Laminaplasty is a surgical procedure intended to relieve pressure on the spinal cord while maintaining the stabilizing effects of the posterior elements of the vertebrae.
The laminaplasty procedure involves "hinging" one side of the posterior elements of the spine and cutting the other side to form a "door". As seen in the illustrations here, the door is then opened and held in place with wedges.
By relieving pressure on the spinal cord it is the goal of laminaplasty to stop the progression of damage to the spinal cord and allow for as much recovery of function as possible.
A laminoplasty is performed via an incision in the back of the neck which is called a posterior approach. During surgery, you will be lying face down on the operating table. Specialized monitoring devices are used to check the spinal cord during the surgery to ensure that there is no damage to the spinal cord during the surgery. Instead of removing the bone and other compressive structures, the bone overlying the spinal cord (the "lamina") is partially cut on both the right and left sides. This creates a hinge on one side of the lamina and a small opening on the other side. The lamina is then moved into the "open" position by elevating the lamina on the open side. This vastly increases the space available for the spinal cord and takes the pressure off of it. The spinal cord can move away from whatever was compressing it including disc herniations or bone spurs, and the spinal fluid can then flow around the spinal cord more normally. A spacer made out of bone, metal, or plastic, is usually inserted to hold the spinal canal open.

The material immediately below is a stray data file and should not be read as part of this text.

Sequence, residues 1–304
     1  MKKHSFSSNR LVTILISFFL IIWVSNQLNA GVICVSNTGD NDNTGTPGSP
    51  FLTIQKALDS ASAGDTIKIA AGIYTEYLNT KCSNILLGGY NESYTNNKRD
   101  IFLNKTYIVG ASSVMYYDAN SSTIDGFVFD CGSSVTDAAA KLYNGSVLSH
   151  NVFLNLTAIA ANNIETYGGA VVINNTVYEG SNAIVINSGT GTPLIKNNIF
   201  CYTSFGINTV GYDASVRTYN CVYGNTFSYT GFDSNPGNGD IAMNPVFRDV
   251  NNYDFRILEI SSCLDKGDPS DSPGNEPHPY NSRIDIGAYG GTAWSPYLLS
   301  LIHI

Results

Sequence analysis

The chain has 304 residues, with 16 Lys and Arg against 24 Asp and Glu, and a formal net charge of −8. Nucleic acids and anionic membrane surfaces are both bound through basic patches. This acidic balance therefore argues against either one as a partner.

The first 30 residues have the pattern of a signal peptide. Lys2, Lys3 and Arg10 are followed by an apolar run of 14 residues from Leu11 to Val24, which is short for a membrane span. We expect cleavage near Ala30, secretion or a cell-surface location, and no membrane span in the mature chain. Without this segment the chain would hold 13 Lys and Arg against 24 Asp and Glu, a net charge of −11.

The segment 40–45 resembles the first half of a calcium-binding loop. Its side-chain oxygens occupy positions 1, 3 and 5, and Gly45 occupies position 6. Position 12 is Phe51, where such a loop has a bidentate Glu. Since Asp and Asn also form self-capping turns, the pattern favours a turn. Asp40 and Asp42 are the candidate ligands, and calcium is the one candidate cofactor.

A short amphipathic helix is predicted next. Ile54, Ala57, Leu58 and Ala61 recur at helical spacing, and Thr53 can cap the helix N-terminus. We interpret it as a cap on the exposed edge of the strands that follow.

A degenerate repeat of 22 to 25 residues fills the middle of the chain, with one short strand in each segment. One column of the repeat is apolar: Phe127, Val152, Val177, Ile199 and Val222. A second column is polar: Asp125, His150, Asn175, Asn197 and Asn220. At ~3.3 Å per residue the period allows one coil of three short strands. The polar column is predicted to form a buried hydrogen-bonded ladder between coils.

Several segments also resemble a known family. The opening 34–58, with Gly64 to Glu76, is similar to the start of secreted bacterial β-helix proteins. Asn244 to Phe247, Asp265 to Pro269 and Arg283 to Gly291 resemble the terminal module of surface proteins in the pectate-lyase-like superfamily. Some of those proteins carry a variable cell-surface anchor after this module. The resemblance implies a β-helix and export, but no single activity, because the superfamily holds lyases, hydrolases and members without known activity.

After surgery, patients usually remain in the hospital for 2-3 days. A neck collar is used for several weeks after surgery and can be removed when your NASS surgeon approves. Physical therapy may be prescribed by your NASS physician to strengthen the neck muscles after surgery.
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